5. Next, flour a banetton basket or a large bowl lined with a lint-free cloth. I like to use a fine mesh strainer or sieve to evenly distribute the flour. Use just a little more flour than you think you need so the dough doesn't stick. Place your dough top side down so the underneath part is now on top. Flour the dough again, cover with plastic wrap or bee wrap. Place in the fridge to slowly rise and ferment overnight or for at least eight hours.

6. The next morning (or evening, whenever eight hours has passed) take your dough out of the fridge and let it rest on the counter one to two hours. This step is optional. I find if the dough has a chance to rest it bakes up slightly larger.


7. Preheat the oven to 450 degrees and place a covered Dutch oven or a pot with a lid in to heat up. Once the oven is hot, invert the dough onto a piece of parchment paper on the counter. Take the Dutch oven out and carefully remove the lid. Place the dough on the parchment paper into the pot and use a spatula to press the parchment paper against the sides. Use a very sharp knife or lame  to make a half inch slit down the center of the loaf. This allows the bread to rise more in the oven resulting in a larger loaf. It's important to make sure your knife is very sharp for this to work. I have mutilated plenty a loaf with dull knives. If you don't have a sharp knife or lame, just skip this part. The bread will still bake well and taste delicious.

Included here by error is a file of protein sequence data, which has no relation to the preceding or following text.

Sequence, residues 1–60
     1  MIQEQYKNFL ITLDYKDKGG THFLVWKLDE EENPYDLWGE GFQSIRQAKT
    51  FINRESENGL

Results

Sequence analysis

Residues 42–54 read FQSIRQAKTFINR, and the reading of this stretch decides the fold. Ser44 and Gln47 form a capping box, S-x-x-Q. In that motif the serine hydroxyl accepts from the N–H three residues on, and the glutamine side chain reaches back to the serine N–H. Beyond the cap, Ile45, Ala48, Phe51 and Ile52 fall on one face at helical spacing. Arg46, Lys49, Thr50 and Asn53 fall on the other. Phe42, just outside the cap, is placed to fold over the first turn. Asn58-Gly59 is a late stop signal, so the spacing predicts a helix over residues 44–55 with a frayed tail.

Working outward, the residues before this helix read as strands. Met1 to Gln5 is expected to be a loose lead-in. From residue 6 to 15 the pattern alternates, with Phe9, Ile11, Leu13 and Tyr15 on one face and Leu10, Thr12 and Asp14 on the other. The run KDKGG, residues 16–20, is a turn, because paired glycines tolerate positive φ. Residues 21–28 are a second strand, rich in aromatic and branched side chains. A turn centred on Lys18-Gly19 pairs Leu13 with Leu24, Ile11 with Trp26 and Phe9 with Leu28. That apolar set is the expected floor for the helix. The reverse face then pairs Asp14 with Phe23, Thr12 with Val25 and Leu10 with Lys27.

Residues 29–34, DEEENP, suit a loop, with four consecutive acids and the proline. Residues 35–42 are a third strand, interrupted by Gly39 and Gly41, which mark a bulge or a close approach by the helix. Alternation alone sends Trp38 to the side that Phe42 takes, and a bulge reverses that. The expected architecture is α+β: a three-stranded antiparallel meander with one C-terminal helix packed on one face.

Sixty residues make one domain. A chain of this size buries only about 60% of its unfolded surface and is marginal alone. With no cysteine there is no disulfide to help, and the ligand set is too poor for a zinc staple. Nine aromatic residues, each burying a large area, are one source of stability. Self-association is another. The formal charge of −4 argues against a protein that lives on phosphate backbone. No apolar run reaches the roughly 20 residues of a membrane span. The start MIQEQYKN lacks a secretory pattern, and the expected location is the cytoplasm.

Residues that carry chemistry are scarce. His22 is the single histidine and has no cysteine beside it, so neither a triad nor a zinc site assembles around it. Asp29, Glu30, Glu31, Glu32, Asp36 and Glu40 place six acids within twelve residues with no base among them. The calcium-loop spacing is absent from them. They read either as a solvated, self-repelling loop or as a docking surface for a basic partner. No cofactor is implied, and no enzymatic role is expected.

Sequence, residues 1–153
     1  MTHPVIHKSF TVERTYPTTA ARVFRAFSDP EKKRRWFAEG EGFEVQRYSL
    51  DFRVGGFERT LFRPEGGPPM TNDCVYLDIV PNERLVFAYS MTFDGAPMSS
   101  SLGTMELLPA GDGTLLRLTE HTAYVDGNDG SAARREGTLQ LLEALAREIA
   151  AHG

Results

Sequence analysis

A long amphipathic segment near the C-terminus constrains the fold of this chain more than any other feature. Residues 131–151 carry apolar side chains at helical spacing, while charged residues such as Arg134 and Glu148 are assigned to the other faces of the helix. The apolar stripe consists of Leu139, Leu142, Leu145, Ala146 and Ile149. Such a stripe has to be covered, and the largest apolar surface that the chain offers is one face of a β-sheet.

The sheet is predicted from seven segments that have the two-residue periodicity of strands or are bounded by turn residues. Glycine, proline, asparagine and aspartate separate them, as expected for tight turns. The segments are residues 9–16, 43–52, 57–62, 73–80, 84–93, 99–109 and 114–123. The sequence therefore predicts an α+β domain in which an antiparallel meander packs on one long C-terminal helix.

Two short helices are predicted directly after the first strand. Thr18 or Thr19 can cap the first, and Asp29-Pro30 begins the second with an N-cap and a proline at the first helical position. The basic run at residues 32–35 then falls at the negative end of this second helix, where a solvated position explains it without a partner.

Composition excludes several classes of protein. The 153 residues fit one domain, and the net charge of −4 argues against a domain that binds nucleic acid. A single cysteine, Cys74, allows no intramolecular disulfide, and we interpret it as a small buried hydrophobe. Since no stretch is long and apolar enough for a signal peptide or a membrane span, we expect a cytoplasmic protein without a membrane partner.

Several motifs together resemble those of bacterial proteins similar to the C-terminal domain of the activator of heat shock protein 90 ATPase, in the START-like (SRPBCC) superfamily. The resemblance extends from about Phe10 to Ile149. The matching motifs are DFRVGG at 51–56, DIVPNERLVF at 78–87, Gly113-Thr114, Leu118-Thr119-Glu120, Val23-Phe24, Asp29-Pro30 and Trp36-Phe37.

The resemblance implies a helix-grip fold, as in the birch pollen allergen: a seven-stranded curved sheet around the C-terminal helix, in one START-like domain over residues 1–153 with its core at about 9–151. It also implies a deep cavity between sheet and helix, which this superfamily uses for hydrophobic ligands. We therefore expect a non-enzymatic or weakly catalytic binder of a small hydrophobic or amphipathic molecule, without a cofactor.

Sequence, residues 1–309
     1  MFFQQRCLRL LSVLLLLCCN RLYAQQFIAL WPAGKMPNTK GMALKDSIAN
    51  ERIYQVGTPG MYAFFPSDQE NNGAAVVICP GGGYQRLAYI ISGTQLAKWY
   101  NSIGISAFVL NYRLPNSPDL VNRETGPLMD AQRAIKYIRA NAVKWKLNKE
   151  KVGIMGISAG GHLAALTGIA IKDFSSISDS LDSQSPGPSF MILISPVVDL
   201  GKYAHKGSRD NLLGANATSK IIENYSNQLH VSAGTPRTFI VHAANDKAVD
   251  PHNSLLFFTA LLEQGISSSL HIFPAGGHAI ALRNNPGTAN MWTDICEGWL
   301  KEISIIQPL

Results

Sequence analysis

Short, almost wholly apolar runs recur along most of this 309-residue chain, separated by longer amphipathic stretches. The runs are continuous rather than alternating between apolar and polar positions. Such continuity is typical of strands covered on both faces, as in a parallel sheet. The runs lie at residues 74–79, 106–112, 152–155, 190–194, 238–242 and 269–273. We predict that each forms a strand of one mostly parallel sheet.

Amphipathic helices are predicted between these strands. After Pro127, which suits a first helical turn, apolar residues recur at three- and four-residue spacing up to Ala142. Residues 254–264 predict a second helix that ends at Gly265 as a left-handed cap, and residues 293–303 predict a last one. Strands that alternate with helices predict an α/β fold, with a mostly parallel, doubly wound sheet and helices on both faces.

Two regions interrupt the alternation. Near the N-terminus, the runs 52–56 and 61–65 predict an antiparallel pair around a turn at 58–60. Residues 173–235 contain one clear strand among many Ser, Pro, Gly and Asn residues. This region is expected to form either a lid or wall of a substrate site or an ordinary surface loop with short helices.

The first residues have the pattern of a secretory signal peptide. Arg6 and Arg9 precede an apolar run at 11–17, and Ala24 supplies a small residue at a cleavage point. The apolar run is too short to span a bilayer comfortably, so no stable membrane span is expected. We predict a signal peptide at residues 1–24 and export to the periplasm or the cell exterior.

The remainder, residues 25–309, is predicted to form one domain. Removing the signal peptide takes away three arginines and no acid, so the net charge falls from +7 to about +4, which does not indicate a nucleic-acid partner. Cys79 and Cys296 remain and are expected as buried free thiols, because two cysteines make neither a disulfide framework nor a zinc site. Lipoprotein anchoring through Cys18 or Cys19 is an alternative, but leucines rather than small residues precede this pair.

8. Spray the top of the loaf with water. This step is optional. It helps the crust to bake up crisply, but you can skip this step if you don't have a spray bottle. Place the lid on the Dutch oven and put it back in the oven. Bake for 25 minutes with the lid on. After 25 minutes, remove the lid, spray the loaf again with water, and bake for 20 minutes longer without the lid. The bread is done when it is golden brown or dark brown (depending on how you like it) on top. 

9. Let the bread cool almost completely before you cut into it. If you cut into it too early, it will be gummy. Make sure to wait to get the best texture. 

10. Enjoy however you like! My favorites include grilled cheese, toasted with butter and salt and dipped in olive oil.